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Maximizing Patient Recruitment and Retention in a Secondary Stroke Prevention Clinical Trial: Lessons Learned from the STAND FIRM Study


Thayabaranathan, T and Cadilhac, DA and Srikanth, VK and Fitzgerald, SM and Evans, RG and Kim, J and Gerraty, RP and Phan, TG and Bladin, CF and Nelson, MR and Frayne, JH and Thrift, AG, Maximizing Patient Recruitment and Retention in a Secondary Stroke Prevention Clinical Trial: Lessons Learned from the STAND FIRM Study, Journal of Stroke and Cerebrovascular Diseases, 25, (6) pp. 1371-1380. ISSN 1052-3057 (2016) [Refereed Article]

Copyright Statement

Copyright 2016 National Stroke Association

DOI: doi:10.1016/j.jstrokecerebrovasdis.2016.02.020


BACKGROUND: Recruitment and retention of patients in a clinical trial is important for generalizability and robustness of findings. We aimed to investigate features of a study design that were associated with recruitment and retention in a Phase II and Phase III trial of a secondary prevention program for stroke.

METHODS: Following informed consent in hospital, Phase II participants were randomized to intervention or usual care. Baseline clinical assessments were conducted at home approximately 3 months after discharge. In Phase III study, informed consent was obtained at home. We compared the characteristics of participants recruited and retained to 12 months for both phases. Interviews with study nurses were undertaken in order to ascertain their opinions of features of study design. Triangulation was used to identify the features of study design that nurses thought had improved recruitment and retention.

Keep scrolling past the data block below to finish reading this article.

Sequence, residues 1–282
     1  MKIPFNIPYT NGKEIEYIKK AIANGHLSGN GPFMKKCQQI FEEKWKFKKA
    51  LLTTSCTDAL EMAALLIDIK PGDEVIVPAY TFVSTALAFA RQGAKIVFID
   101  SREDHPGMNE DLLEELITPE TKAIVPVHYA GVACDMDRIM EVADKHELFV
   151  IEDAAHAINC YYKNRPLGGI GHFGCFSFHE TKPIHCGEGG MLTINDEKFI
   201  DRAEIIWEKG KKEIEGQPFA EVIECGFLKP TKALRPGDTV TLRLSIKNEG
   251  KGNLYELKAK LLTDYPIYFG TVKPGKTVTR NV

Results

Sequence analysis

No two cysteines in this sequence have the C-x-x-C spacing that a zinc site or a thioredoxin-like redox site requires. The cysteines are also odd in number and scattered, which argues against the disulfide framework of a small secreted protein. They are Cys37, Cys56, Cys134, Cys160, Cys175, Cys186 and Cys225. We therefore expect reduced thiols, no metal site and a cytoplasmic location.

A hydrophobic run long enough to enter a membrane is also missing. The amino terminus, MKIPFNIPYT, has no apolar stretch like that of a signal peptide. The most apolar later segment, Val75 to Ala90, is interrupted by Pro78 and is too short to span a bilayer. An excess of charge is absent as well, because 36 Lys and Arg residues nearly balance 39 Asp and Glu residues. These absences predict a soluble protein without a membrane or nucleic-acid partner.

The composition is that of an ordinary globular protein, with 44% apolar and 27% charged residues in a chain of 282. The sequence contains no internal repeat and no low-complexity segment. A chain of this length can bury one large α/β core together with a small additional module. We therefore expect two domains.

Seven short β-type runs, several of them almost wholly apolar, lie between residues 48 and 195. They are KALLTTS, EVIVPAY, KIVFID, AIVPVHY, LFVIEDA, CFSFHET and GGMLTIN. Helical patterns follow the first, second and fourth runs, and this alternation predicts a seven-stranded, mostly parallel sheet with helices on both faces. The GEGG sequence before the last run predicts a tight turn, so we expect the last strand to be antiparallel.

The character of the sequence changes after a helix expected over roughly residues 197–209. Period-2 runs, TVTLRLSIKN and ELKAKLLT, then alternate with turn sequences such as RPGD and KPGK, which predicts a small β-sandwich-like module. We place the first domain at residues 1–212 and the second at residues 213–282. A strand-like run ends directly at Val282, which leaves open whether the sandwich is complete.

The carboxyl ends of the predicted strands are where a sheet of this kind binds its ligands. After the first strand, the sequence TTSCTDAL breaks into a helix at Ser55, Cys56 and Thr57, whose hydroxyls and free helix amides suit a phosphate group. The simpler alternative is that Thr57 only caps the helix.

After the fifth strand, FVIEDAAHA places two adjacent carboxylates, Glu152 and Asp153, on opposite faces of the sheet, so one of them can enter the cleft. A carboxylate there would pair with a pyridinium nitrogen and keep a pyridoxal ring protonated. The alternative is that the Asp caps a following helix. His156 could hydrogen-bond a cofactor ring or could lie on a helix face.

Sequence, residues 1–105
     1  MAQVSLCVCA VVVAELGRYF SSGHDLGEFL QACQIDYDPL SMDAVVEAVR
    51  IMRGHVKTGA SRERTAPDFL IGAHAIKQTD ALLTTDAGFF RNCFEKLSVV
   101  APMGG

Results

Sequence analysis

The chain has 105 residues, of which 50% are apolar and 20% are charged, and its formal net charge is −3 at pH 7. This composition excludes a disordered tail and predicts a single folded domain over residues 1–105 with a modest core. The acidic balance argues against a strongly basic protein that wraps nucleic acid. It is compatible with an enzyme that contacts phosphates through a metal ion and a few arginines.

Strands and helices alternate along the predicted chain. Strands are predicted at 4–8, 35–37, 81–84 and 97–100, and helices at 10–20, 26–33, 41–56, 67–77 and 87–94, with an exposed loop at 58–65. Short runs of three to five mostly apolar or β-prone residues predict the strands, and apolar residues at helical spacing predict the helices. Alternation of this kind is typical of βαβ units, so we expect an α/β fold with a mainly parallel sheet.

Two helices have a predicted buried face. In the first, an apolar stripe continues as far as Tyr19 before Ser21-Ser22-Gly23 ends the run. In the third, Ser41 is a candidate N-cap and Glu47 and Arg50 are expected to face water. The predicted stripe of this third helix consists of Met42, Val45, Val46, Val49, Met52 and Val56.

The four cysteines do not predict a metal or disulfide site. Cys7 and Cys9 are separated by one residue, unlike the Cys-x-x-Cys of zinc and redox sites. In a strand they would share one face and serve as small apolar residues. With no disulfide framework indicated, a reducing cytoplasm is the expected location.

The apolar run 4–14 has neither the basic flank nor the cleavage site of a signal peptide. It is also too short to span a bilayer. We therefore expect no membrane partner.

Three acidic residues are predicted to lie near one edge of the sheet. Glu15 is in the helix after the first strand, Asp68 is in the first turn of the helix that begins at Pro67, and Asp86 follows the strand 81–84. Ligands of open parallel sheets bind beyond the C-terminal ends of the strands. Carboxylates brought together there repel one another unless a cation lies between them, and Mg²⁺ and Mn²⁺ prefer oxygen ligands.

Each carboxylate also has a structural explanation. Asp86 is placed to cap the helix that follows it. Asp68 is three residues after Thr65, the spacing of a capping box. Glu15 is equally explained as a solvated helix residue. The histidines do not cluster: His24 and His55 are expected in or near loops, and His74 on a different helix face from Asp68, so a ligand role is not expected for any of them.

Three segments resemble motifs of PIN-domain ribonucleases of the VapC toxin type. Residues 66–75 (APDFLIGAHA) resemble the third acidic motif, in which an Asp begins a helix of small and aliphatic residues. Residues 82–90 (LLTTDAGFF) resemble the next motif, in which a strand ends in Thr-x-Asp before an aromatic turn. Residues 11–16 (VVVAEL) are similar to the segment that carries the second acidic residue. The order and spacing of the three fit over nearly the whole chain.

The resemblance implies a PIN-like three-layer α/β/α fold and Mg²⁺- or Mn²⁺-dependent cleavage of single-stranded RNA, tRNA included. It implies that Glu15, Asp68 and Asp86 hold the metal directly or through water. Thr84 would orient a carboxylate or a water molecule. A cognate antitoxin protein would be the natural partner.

RESULTS: All 24 eligible participants were recruited to the Phase II pilot study (100% recruitment), with 67% retention at 12 months. In Phase III study, 570 participants were recruited, and 93% of these participants had reached their 12-month assessment (n = 532) and were still participating. Consistent with the greater patient retention in Phase III study, nurses reported that patients' willingness to participate was greater when consent was obtained at home.

CONCLUSION: Following a change in the consent process from hospital to home, more participants continued participation to 12 months. Pilot studies can provide important data to improve study design and better understand potential barriers to recruitment and retention.

Item Details

Item Type:Refereed Article
Keywords:Stroke, patient retention, recruitment, pilot study, feasibility study, methodology
Research Division:Biomedical and Clinical Sciences
Research Group:Cardiovascular medicine and haematology
Research Field:Cardiology (incl. cardiovascular diseases)
Objective Division:Health
Objective Group:Clinical health
Objective Field:Clinical health not elsewhere classified
UTAS Author:Srikanth, VK (Dr Velandai Srikanth)
UTAS Author:Nelson, MR (Professor Mark Nelson)
ID Code:109412
Year Published:2016
Web of Science® Times Cited:5
Deposited By:Menzies Institute for Medical Research
Deposited On:2016-06-15
Last Modified:2022-08-30

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